Yesterday, the day after it was announced that Easter services in the Vatican would take place without a congregation this year, the Pope left the walls of the Vatican and visited two churches to pray for an end to this pandemic. The first was Santa Maria Maggiore on the Esquiline Hill, a church founded in the fourth century by Pope Liberius following a dream and miraculous summer snowfall. The current building dates to pretty much every century from the fifth to the eighteenth centuries, and it is one of the four major basilicas in Rome–the others are St John Lateran, St Paul outside the Walls, and St Peter in the Vatican–and as such Vatican territory.
Pope Francis made his unannounced visit to the basilica to pray before the Salus Populi Romani, the most important Marian image in the city and, though theories on dating vary wildly, perhaps as early as the fifth century. It shows the Byzantine Hodegetria image of the Virgin, from the Greek “she who shows the way”, in which the Virgin indicates the Christ Child.
Tradition says that these images derive from a portrait of the Virgin and Child painted by St Luke, and that the Roman image is one of those painted by the Evangelist himself. It is is said to have arrived from Crete in the year 590, during the reign of Pope Gregory the Great who received it on the banks of the Tiber. Three years later the icon would be processed by Pope Gregory through a city ravaged by plague to seek the intercession of the Madonna. The success of this invocation was announced by a vision which appeared to Gregory of the Arcangel Michael sheathing his sword above the fortress occupying the former Mausoleum of Hadrian. It would subsequently be renamed the Castel Sant’Angelo, and the icon would become the protectress of Rome.
Since at least the thirteenth century the icon has been housed at Santa Maria Maggiore, since 1613 in the Pauline Chapel purpose-built to house it by Paul V. In the twentieth century, Pope Pius XII crowned the image during the Marian year of 1954 to thank her for saving Rome during the Second World War. Throughout his papacy, Pope Francis has prayed before it at the beginning and end of major trips. Yesterday he walked into the church and knelt before the image to invoke the Virgin once again.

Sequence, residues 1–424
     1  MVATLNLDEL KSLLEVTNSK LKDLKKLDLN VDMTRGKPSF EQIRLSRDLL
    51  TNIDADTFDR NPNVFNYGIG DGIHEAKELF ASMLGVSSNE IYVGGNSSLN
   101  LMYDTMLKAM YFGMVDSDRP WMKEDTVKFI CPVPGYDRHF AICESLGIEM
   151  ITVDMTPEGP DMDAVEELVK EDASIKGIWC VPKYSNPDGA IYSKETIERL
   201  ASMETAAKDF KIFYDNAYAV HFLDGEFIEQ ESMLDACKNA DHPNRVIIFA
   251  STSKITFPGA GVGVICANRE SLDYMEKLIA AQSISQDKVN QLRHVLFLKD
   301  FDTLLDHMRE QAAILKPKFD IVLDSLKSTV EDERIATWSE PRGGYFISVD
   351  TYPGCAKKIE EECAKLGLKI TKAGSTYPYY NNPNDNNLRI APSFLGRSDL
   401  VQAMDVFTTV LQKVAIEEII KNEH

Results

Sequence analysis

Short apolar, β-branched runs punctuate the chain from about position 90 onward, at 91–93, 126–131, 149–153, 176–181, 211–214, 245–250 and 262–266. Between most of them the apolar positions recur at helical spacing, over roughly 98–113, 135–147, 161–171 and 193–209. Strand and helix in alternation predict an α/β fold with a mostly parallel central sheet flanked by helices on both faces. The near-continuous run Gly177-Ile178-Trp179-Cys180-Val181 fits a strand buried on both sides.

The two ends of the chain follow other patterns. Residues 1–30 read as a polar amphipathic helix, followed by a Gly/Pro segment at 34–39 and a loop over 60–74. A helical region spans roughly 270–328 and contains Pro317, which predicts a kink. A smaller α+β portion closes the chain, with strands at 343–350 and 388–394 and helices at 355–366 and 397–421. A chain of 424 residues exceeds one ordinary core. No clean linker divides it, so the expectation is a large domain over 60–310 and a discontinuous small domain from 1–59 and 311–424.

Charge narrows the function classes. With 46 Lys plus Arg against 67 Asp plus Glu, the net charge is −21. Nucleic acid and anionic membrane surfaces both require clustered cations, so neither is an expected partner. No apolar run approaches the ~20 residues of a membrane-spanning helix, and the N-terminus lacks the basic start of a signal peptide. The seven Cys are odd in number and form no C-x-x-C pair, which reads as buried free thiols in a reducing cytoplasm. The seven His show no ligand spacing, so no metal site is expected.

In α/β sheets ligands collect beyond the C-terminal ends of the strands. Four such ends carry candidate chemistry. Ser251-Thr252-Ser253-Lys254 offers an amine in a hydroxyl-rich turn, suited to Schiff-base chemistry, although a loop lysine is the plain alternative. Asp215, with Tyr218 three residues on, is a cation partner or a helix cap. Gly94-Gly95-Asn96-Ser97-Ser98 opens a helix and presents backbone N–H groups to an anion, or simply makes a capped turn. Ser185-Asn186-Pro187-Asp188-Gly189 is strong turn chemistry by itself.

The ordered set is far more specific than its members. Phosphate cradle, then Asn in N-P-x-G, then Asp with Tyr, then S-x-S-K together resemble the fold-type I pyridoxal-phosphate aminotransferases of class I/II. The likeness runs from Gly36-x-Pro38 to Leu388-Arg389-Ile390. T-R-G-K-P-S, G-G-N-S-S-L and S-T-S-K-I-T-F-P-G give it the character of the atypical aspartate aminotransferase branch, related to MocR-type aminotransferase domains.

After leaving the church he was driven to piazza Venezia, from where he walked up the via del Corso, the urban stretch of the ancient via Flaminia, to the church of San Marcello al Corso, another very ancient foundation (a place of worship already existed in 418 when Pope Boniface I was elected here). Here he also prayed, this time before a wooden crucifix which had miraculously survived a fire before being processed through the city for sixteen days before the plague of 1522 abated.
The official image released by the Vatican Press Office is extraordinary, and will surely feature in a film. I’d suggest Paolo Sorrentino make it. Francis is shown walking along the via del Corso, on the pavement to one side, his security detail in black behind him. An astonished passer by on a bicycle is there to witness it in an otherwise deserted city. Beyond the bombastic rhetoric of the national monument looms. It commemorates the end of papal power in Rome and the birth of modern Italy, and one of its flags is caught in full billow. In front of the monument, temporarily halted like everything else, are the interminable works of the Metro C. In front of this palimpsest, the 265th successor to Peter walks along the ancient Roman road to pray for the salvation of humanity from a new strain of virus before a miraculous crucifix. Just as Popes have since time immemorial, even since before work began on the Metro C. This too will pass.